Don’t get me wrong, I think DIR is a decent driver too, but he lacks something extra. For instance, I dont think DIR would have succesfully made those moves on Alonso and Button.

      The things Sutil really should improve ASAP are his qualifying (he beat DIR nicely in the second part of 2011) and I also hope his rain skills will return soon (he was one of the best rain drivers in the field in his first F1-career).

      1. This, I hope Sutil or Hulkenberg end up pairing Kimi in Lotus next year!

  10. Dion (@infinitygc)
    27th May 2013, 15:20

    Keith, you surely mean “between his teammate and Maldonado” in Bianchi’s review?

  11. One of the easiest DOTWs so far: Nico Rosberg was mighty during practice and qualifying. The race was always going to be difficult, but he kept his cool and didn’t make mistakes. I do believe the Red Bull put on a bit of a weak display behind him – I believe they could have gone much faster (even with tyre deg taken into account) but that they just chose to see the pit stops as their only chance to win this race, and apart from that not risk anything at any point. But still, well deserved win and a well deserved driver of the weekend for Nico.

    Second place goes to Adrian Sutil this weekend: he pulled off some excellent passes at the Loews hairpin and managed to stay out of trouble, albeit one little screw-up at Massenet in FP3.

    Some more mentions: Sergio Perez’s initial passes into the new chicane were great to watch. But unlike Sutil, his passes were mostly not very clean. I do have to say, most of his attempts, including the ‘pass’ on Raikkonen, were perfectly fine in my opinion, as he would have made the corner in most cases.

    Kimi Raikkonen performed quite averagely, until he messed up and pretty much pushed Perez into the barrier. The passes he then made on fresh tyres were a joy to watch.

    Finally, the most unluckiest guy of the weekend: Pastor Maldonado. He seemed to be very quick in free practice, but for some reason he was absolutely nowhere in Q2 (still don’t know why he was so much slower than the rest of the field). Then in the race he hit Pic before being hit by VDG on the back. He made a good come-back, before Chilton launched him into the barriers at Tabac. A real shame, as I think Maldonado could have scored a good haul of points for Williams.

    1. @andae23 where did you watch Kimi’s passes ?

      1. BBC showed the passes in their coverage, after the race. They were good, although I don’t think 3 laps of good racing warrants a vote.

        1. Traverse (@)
          27th May 2013, 16:28

          From what I saw the cars pretty much moved out of Kimi’s way and didn’t put up any resistance whatsoever.

          1. Yeah it’s no wonder really he had brand new supersofts for the last laps, must’ve been five or six seconds faster than the guys at the back. I don’t think it was easy though even if the tyres were, it’s still Monaco after all.

            Bottas of course literally gave way, unfortunate miscommunication between him and the team.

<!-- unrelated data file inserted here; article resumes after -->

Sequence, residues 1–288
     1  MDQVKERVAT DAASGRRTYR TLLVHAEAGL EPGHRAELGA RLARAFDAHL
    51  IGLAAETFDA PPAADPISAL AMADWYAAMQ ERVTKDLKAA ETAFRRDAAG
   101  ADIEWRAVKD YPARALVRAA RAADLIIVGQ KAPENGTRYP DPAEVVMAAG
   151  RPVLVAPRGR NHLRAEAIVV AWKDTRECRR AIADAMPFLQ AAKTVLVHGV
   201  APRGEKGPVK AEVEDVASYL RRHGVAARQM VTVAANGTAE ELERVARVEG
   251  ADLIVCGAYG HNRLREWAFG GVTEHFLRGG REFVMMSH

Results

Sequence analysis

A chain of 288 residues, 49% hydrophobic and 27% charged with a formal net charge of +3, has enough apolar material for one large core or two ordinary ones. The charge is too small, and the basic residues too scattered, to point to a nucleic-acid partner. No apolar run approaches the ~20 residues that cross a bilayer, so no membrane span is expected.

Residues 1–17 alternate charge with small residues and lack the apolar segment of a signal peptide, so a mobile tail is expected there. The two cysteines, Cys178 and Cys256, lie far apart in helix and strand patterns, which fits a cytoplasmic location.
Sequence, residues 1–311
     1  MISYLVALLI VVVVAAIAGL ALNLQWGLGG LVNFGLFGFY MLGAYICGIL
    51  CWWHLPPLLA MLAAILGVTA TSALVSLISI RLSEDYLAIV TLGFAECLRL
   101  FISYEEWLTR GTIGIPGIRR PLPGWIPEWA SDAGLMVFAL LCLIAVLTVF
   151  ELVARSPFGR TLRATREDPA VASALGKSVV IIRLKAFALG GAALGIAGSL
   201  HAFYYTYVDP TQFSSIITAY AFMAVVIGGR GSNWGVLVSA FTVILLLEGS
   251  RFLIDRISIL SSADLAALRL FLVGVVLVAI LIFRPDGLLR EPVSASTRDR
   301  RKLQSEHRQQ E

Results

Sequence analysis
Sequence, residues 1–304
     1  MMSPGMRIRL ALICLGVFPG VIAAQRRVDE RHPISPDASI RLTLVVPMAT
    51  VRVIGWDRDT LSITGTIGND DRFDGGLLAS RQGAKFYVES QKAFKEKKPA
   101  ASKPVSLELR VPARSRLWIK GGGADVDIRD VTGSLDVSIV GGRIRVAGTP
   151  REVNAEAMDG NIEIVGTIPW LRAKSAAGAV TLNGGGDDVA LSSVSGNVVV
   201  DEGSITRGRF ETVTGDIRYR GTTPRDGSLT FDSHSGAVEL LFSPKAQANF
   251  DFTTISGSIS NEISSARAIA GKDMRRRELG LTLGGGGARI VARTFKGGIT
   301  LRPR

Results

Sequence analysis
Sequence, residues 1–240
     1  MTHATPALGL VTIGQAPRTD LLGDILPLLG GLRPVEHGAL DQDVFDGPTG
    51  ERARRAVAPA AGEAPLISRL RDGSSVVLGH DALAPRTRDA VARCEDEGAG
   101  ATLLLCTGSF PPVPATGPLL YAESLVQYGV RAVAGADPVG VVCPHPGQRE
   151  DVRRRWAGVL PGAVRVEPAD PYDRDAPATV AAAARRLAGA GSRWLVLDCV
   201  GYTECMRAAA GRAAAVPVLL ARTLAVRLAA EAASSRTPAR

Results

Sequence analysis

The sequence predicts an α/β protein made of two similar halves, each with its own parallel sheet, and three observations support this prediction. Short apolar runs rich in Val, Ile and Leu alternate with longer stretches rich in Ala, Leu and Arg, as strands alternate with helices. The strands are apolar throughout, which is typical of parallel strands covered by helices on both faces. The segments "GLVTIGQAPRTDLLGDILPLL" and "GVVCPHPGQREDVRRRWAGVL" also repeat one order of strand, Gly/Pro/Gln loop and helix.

2. *even if the tyres were new

  12. Those 3 laps of good racing by Kimi are NOT enough to be the driver of the weekend. I can understand why Perez is getting a few votes, although I don’t think pushing people off the track is actually good racing. For me it would have to be Rosberg, he completely controlled the race, not going faster or slower than he needed to, Mercedes almost got that weekend bang on, if it wasn’t for that one lap by Lewis which ruined his weekend. After that it would probably have to be the 2 Force India’s, although Paul mucked up in qualifying, and then Van der Garde, although his KERS loss may overshadow his good weekend.

  13. Nico Rosberg never put a tire wrong all weekend long and at the Monaco GP that can mean the difference between victory or disaster. Some of the best drivers in the history of the sport have been caught out there with the smallest of mistakes that ended in agony. Hats off to Nico!

  14. Rosberg was splendid in the entire weekend. I don’t know what the tyre test is accounted for in that victory but he was on another level. I think it was a quite easy vote for him. Sutil was very good, Raikkonen drove splendidly in the last laps to finish in the points (and extending the streak) and Perez was finally a proper McLaren driver (or a proper Hamilton replacement)

  15. In the end, I came to conclusion that it will be either Nico Rosberg or Adrian Sutil.

    Rosberg was fast everywhere, but the news that broke out about Mercedes testing led me to choose Adrian Sutil here. He had one mistake in the weekend, during FP3, but he recovered to have a great qualifying and great race, and as stated, he overtook two world champions at Loews.

  16. Voted for Rosburp. A pretty much flawless weekend for him, seems to be getting the upper hand over Hamilton, at least for now.

  17. Nico Roseberg but Perez was the entertainer

  18. It has to be Rosberg, if he wasn’t challenged thoughout the race then that is vettels problem. If his car was so good, as in that, in the last few laps he posted the fastest time, why didn’t he put Rosberg under pressure.

    I cannot see the support for Perez. He did some almost suicidal lunges, that against lesser drivers or ones that drove the same as him when defending would have ended in a crash. You have to remember that to win you actually have to finish the race, he only got so far in the race, because others jumped ot of his way, and got punished for it, so that they could survive.

  19. For me it’s Adrian Sutil. He made several amazing overtaking moves where it’s almost impossible to overtake and they were very clean, unlike moves, which were done by some other drivers. His 5th place was well deserved and if he qualified higher, he could’ve fought with the leaders.

  20. It has to be Rosberg, because not only was he super-fast, but he was consistently the fastest man on track during the three days, and on a track like Monaco it’s even more impressive!